The Prop. 8 ban on same-sex marriage is certainly not the first California initiative to garner huge national attention. Historically many of our ballot measures -- like the 1978 Prop. 13 cap on property taxes and the 1996 Prop. 209 curb on affirmative action in public institutions -- have made a big impact on politics and policy beyond the state.
The California initiative process was born in 1911 as the result of a special election called by Gov. Hiram Johnson. Citizens approved the enabling constitutional amendment by a margin of 168,744 to 52,093 votes. "A History of California Initiatives" is a good study that includes a complete list of ballot measures, plus interesting statistics on their subject matter and success/failure. Did you know, for example, that voters approved only 99 of the 1,187 initiatives titled and circulated between 1912 and 2002?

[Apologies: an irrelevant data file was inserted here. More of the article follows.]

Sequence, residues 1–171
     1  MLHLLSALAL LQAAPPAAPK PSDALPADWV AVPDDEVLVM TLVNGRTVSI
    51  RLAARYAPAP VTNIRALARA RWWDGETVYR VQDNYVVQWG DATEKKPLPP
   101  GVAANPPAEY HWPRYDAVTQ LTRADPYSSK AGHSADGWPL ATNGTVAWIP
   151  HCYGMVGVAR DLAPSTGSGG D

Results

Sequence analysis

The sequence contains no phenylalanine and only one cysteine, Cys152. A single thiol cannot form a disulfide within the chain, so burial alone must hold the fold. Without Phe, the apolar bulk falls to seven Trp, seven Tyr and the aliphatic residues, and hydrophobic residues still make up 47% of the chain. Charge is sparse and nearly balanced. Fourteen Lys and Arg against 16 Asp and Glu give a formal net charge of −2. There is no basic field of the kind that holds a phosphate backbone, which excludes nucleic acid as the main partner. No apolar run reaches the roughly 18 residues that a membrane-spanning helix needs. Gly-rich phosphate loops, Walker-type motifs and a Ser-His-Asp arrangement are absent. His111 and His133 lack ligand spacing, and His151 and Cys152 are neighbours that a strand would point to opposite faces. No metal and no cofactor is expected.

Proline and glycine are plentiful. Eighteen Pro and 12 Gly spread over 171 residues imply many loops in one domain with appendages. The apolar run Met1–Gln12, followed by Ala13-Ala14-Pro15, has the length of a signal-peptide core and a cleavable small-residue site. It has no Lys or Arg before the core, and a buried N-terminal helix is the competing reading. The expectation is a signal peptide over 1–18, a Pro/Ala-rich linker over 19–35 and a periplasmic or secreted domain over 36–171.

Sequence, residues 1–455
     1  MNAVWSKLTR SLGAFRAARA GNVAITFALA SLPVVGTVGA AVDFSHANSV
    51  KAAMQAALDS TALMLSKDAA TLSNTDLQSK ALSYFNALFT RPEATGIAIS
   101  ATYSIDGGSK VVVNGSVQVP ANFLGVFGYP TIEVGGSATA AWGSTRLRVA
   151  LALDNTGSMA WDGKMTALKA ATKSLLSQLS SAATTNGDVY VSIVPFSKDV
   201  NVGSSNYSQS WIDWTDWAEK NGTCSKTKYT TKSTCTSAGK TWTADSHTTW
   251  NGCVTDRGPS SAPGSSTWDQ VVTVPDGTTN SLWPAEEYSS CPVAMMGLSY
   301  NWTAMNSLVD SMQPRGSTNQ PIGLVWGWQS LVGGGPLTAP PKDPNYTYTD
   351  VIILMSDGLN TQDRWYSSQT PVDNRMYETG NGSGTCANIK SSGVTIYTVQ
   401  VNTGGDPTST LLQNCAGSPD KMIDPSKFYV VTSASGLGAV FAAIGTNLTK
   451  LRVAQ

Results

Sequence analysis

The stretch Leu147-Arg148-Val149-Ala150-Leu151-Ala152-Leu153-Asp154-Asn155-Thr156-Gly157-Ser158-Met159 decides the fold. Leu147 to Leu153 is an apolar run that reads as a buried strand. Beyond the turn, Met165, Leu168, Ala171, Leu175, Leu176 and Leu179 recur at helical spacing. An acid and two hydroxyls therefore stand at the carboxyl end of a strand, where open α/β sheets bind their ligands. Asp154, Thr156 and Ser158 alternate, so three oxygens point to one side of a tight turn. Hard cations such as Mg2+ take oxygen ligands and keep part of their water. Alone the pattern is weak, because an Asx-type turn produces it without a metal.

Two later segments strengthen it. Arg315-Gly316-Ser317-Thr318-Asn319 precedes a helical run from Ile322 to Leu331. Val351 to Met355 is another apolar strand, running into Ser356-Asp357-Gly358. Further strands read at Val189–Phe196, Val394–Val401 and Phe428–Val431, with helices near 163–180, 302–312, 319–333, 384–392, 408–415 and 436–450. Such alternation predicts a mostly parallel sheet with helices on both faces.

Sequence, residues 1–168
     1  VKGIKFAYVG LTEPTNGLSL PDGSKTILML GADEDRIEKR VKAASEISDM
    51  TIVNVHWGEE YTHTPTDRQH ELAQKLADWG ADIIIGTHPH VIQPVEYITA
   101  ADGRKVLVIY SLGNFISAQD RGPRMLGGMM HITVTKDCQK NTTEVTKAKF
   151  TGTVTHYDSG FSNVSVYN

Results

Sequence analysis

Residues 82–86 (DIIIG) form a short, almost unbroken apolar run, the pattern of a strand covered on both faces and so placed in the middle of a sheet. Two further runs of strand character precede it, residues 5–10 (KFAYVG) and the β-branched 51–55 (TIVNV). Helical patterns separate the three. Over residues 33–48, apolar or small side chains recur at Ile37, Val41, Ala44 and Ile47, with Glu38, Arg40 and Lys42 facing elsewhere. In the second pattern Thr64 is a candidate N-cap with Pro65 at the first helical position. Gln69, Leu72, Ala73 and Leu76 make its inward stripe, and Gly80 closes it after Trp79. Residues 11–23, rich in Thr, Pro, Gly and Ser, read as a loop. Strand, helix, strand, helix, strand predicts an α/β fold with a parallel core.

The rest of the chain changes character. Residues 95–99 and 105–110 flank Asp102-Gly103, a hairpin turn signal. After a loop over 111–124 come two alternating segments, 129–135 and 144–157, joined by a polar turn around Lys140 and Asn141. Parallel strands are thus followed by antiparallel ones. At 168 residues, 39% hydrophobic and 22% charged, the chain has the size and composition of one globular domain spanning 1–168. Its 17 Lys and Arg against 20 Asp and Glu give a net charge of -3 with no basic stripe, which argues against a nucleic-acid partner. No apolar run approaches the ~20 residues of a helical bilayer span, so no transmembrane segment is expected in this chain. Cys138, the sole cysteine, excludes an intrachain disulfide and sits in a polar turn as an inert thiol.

The Hastings College of Law at UC Berkeley provides comprehensive, searchable databases of information on California initiatives and propositions from 1911 to 2000. These include full-text of ballot measures and accompanying material such as legislative histories and scans of voter pamphlets. You can search by keyword, year, number and pass/fail status. For the full text of newer initiatives (2004-current) see this Attorney General web page. For the full text of newer propositions (1996-current) see this Secretary of State web page.